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Futures of Hug High School, Wildcreek Golf Course Unveiled

By Carla O'Day
Wildcreek Golf Course
Wildcreek Golf Course

Wildcreek Golf Course, Image: Carla O’Day

By Carla O’Day

Plans for a new high school at the Wildcreek Golf Course property and the re-purposing of Hug High School were rolled out Wednesday by Washoe County staff and school district officials.

Tentative plans are for the Washoe County School District to purchase a portion of the approximately 200-acre Wildcreek property at fair market value from Washoe County and the county would then use the money to reinvest in the Wildcreek area.

Wildcreek Golf Course, 3500 Sullivan Lane in Sparks, is currently run by the Reno-Sparks Convention and Visitors Authority but Washoe County plans to take over operations in July, county manager John Slaughter said. There is an 18-hole, par-72 course and a 9-hole, par-27 course. The clubhouse, restaurant, and pro shop would have to be moved, he said.

“The high school would go on the current 9-hole course and on part of the 18-hole course,” Slaughter said. “A reconfigured 9-hole course is likely, but this is very conceptual right now.”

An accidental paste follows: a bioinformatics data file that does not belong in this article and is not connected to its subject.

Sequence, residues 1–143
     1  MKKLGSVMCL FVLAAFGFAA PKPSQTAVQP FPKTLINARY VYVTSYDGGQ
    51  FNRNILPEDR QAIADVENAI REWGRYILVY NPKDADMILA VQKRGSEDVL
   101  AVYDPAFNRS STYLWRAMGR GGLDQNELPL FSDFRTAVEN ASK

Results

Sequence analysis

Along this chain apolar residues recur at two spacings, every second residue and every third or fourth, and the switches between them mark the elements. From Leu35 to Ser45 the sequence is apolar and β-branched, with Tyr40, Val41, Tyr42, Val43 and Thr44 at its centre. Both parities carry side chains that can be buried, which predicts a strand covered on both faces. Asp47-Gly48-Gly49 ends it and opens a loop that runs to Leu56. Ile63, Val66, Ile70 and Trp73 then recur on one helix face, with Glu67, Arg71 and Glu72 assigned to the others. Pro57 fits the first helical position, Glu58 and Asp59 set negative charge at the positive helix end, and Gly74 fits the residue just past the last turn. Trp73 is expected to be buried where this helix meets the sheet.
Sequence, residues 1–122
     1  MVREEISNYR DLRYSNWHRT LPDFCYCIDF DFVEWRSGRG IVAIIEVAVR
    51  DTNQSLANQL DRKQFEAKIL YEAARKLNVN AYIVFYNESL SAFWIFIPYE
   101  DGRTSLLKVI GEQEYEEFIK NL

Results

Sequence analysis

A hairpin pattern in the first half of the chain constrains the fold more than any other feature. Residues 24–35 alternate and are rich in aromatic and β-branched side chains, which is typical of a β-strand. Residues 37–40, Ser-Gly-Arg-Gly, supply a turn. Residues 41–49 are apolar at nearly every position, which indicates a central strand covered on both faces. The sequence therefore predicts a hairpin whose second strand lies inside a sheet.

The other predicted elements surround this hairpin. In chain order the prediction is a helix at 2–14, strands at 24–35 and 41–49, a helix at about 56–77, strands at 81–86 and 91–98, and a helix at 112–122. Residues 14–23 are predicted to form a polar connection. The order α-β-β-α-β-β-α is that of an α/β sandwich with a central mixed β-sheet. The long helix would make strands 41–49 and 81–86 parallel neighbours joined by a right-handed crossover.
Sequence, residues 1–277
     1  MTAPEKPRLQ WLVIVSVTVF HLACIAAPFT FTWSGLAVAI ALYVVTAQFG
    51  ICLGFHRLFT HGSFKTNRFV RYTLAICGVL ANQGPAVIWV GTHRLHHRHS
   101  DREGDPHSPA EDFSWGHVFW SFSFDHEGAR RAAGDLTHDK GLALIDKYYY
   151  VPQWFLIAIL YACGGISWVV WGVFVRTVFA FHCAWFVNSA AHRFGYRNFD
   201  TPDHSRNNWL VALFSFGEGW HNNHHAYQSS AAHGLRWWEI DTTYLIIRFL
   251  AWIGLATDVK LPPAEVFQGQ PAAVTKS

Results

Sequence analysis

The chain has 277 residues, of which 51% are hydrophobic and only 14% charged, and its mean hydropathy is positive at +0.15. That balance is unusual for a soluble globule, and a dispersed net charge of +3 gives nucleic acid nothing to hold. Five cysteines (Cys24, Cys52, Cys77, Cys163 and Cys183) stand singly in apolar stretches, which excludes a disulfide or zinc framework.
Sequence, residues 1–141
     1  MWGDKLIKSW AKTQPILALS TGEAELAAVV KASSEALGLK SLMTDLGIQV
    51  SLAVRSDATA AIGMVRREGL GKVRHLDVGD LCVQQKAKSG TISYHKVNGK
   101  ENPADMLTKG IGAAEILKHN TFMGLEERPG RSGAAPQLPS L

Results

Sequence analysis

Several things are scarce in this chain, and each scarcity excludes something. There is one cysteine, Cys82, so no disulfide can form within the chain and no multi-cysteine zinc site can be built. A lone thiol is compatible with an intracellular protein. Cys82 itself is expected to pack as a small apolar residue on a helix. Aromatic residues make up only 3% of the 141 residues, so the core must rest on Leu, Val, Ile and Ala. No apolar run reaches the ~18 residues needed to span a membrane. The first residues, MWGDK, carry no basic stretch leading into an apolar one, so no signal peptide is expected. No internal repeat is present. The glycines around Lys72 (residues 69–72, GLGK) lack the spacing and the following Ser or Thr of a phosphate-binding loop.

Pete Etchart, WCSD chief operations officer

Pete Etchart, WCSD Chief Operations Officer. Image: Carla O’Day

Golf will continue until late 2018 when ground is broken for the new school, which hasn’t been named but will house about 2,500 students. District officials are pleased with the Wildcreek location, which is about 1.8 miles east of Hug.

“It’s difficult to find this kind of acreage in an urban area,” said Pete Etchart, district chief operations officer. “I can’t really say we had a plan B.”

Hug, 2880 Sutro St., is a comprehensive high school built in the late 1960s that serves about 1,450 students. Plans are to close the school in spring 2021 and reopen it as a career and technical academy in fall 2022.

The district already runs a similar school—Academy for Arts, Careers and Technology. However, Superintendent Traci Davis said another school like AACT is needed to ensure that students can get the workforce training needed for employment upon graduation.

“AACT is at capacity and we actually turn kids away,” Davis said. “This affords equity on this end of town.”